OpenSSH vulnerability CVE-2024-6387

According to this Reddit thread, RHEL 6, 7, and 8 are ok, but 9 is affected.

https://www.reddit.com/r/sysadmin/comments/1dspa43/cve20246387_pretty_big_openssh_vuln_for_any_glibc/

We are aware. You have two options:

  • Mitigate the issue by setting LoginGraceTime to 0 (note this can lead to a DoS)
  • Install rocky-release-security and update openssh, as it contains a patch until RHEL releases it themselves

See for more information: cve-details

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I don’t want to be careless and ask if my train of thought is maybe wrong. We have a SSH server with two factor authentication and fail2ban. Does the later not mitigate the issue?

fail2ban will definitely help by reducing the number of attempts an attacker can make.

Since this is a timing attack and it’s not (yet!) been demonstrated on a 64bit system, I would wait until RedHat patch. But that’s just me :slight_smile:

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Restricting SSH to only trusted IP’s will also help reduce it if not eliminate the risk completely until the patch is released by RH for the main distro openssh package.

I’m fairly certain fail2ban will not help without a matching expression for connection-closed to Timeout. Logging must be set verbosely enough in order to catch that message. Fail2ban must be configured to recognize it as a failed login.

2-factor does not mitigate it. I’m not certain, but it seems that fail2ban does not mitigate it, if the attack is done in a way to avoid creating a failed login before the timeout occurs. The exploit uses the timeout + log message of such, combined with bogus payloads for the authentication step.

Not sure if “error: kex_exchange_identification: Connection closed by remote host” is logged by the attack path or not; that could be something fail2ban can block on. Otherwise, yeah, just “connection closed” lines.

In my case I use IPTables to rate limit ssh attempts (I’ve not yet updated my external facing machines to RL9) just to stop brute force attacks. It’d also help prevent this new attack.

# SSH firewall rules - deny access to servers that make more than 5 connections
# in 60 seconds

IPT=/sbin/iptables

# Set this to "DROP" to drop packets, or REJECT to reject packets
DROP=REJECT

# Only log slowly so we don't fill up logs and overload the linode
$IPT -N ssh-drop
$IPT -A ssh-drop -m limit --limit 2/minute -j LOG --log-prefix "FIREWALL:SSH-DROPPED "
$IPT -A ssh-drop -j $DROP

# Set this to "ssh-drop" for logging, or $DROP to silently lock them out
DEST=ssh-drop

$IPT -A INPUT -p TCP --dport 22 --syn -m recent --name ssh --update --seconds 60 --hitcount 5 -j $DEST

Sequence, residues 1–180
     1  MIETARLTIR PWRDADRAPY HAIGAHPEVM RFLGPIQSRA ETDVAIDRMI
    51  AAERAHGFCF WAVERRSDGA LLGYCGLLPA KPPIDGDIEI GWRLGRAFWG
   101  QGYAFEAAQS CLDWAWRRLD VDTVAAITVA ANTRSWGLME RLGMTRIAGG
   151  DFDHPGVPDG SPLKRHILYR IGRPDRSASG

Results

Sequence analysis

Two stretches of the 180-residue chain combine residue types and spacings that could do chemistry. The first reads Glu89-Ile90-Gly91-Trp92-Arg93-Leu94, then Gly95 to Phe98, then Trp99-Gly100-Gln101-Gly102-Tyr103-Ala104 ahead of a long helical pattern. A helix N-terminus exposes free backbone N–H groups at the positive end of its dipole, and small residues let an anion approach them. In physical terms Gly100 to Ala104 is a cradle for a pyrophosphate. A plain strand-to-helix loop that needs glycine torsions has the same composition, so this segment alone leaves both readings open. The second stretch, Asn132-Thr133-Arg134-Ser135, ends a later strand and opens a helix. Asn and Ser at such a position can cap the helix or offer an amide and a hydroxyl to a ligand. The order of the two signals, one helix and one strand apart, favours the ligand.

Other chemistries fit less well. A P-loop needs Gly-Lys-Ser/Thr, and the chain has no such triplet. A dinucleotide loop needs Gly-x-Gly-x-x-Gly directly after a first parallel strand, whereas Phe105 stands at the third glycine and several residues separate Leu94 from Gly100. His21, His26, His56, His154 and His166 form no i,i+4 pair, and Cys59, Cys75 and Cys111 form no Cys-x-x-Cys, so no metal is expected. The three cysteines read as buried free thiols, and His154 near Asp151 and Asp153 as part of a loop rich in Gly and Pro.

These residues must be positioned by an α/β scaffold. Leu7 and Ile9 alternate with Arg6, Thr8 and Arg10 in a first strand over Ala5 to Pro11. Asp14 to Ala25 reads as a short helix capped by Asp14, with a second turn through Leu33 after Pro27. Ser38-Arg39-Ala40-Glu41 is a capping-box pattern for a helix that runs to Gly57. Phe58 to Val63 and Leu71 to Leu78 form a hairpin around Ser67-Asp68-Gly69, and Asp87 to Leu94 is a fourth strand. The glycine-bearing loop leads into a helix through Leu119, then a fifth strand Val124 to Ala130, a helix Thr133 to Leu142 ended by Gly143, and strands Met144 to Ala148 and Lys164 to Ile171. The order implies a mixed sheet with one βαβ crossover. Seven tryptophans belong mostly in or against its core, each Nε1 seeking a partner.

$IPT -A INPUT -p TCP --dport 22 --syn -m recent --name ssh --set

Upstream released it now (openssh-8.7p1-38.el9_4.1)

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With iptables deprecated, we’d need the equivalent for firewalld or nftables.

Wow , checking all informatio inside the world , what is happening with the OPENSSH service . anyway , is there any way to know who is going to launch first the patch …

selinux , iptables does not help with the situation ?

You do know that Rocky is based on RHEL right? That means we have what RHEL has. When RHEL has it, then official Rocky OpenSSH will also have it. Also, if you read above you will see from security SIG repo you could have upgraded OpenSSH and you would have already had the fix - since the Rocky team patched it before RHEL even patched the official package.

@nazunalika said:

Read first before commenting.

The iptables tool in Rocky 8 and 9 is a wrapper-translator that generates nftables rules. (some exotic rules may fail to translate.) There is even a script that reads stored iptables ruleset-file and prints equivalent nftables syntax. Therefore, you should be able to create at least a start for nftables.service.

Is this patch is released ? or do i need to use rocky security patch ?

You can dnf update at any time to get an updated openssh with the patch. Using the SIG/security package is not necessary.

I did this, and it shows nothing to update. But when i checked the ssh version it shows the date from november 22.

What do you see with:
dnf list openssh\*

The ‘date’ in sshd --version is not the build date of the software–it’s the upstream release date.

You have the latest version of openssh installed on your system. That is why it says there’s “Nothing to do”.

rpm -q --changelog openssh shows the package build information.

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Thank for the clarification